17. The neurostimulation system of claim 16, wherein the stimulation device comprises a pulse generator, and wherein the neurostimulation system further comprises:
a lead body having a proximal end and a distal end, wherein the one or more conductive elements extend through the lead body; and
one or more connectors at the proximal end of the lead body that are connectable to the pulse generator, wherein the one or more conductive elements are connected to the one or more connectors at the proximal end.
18. The neurostimulation system of claim 16, wherein the stimulation device comprises an implantable microstimulator.
19. The neurostimulation system of claim 16, wherein each coil includes a lumen extending through the helix.
20. The neurostimulation system of claim 19, wherein the lumen is accessible with a mandrel employable to straighten the helix during implantation.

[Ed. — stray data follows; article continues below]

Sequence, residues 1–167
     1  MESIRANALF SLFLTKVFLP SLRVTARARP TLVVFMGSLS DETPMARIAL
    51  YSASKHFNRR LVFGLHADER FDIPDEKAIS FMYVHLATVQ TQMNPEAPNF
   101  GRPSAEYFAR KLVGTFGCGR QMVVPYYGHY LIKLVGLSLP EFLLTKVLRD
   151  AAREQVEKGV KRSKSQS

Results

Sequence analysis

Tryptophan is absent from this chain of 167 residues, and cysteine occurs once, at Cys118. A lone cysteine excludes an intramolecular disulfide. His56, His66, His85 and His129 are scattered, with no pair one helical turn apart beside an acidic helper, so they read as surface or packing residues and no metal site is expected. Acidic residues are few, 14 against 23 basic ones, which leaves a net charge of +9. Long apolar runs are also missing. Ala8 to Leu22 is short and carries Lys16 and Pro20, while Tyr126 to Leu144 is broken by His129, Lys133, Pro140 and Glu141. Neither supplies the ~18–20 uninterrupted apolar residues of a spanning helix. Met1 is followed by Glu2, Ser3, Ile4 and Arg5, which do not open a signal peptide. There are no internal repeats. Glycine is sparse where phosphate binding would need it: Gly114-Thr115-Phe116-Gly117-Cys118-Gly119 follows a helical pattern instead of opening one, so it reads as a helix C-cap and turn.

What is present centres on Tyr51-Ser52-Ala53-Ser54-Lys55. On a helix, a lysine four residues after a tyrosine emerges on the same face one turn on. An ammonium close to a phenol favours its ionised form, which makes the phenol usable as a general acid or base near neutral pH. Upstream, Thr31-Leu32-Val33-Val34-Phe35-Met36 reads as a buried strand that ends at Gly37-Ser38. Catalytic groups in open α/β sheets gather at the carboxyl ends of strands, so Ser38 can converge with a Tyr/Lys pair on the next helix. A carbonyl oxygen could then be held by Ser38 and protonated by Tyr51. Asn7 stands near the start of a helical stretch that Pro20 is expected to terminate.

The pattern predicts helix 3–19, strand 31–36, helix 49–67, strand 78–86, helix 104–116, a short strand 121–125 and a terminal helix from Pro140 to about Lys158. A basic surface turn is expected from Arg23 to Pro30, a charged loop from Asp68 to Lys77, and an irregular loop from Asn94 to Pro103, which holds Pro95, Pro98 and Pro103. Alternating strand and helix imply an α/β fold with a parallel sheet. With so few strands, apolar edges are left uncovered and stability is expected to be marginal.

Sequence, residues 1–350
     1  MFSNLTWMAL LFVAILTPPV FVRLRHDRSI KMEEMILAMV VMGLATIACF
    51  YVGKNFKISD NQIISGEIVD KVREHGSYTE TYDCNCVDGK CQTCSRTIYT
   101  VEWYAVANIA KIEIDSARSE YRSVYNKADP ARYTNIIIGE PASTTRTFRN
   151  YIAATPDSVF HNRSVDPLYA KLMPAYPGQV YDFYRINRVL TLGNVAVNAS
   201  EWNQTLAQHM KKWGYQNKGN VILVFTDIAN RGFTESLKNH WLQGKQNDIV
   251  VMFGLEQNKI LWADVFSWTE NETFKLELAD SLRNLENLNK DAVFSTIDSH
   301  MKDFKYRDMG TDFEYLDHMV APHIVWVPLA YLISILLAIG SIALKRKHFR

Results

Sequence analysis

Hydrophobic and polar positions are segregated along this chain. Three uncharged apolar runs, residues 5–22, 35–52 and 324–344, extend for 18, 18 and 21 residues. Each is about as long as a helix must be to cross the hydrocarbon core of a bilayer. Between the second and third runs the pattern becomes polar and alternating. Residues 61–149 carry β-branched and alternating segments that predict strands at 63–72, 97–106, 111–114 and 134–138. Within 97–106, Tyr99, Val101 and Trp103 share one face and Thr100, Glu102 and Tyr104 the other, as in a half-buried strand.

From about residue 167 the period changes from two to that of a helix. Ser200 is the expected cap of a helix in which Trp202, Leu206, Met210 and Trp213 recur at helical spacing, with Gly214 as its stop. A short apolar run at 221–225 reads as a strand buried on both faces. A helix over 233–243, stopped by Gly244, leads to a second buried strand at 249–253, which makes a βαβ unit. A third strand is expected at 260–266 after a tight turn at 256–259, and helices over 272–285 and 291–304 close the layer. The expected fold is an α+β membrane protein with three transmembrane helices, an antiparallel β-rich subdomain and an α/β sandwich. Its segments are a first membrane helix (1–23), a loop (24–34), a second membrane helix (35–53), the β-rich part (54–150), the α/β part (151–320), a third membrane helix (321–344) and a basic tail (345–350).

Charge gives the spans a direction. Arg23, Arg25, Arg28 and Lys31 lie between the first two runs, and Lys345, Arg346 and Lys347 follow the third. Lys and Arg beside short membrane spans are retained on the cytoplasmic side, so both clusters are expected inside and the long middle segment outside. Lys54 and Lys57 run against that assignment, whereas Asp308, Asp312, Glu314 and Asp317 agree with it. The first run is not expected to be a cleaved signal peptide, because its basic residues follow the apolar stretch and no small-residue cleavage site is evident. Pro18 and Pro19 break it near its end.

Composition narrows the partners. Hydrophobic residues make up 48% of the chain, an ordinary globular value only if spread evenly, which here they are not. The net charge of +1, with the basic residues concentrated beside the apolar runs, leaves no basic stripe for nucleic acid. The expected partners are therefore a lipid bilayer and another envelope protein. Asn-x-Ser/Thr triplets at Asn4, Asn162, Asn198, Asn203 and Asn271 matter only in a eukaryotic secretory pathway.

21. The neurostimulation system of claim 16, wherein each helix is at least partially surrounded by a biocompatible insulator.
22. The neurostimulation system of claim 21, wherein the biocompatible insulator is electrically porous, and wherein portions of each helix that do not confront the nerve are electrically sealed.
23. The neurostimulation system of claim 21, wherein the biocompatible insulator is not electrically porous, and wherein portions of each helix that confront the nerve are ablated.
24. The neurostimulation system of claim 21, wherein the biocompatible insulator is selected from the group consisting of expanded polytetrafluoroethylene (ePTFE), PTFE, polyurethane, ethylene tetrafluoroethylene (ETFE), ultra-high molecular weight polyethylene (UHMWPE), and silicone rubber.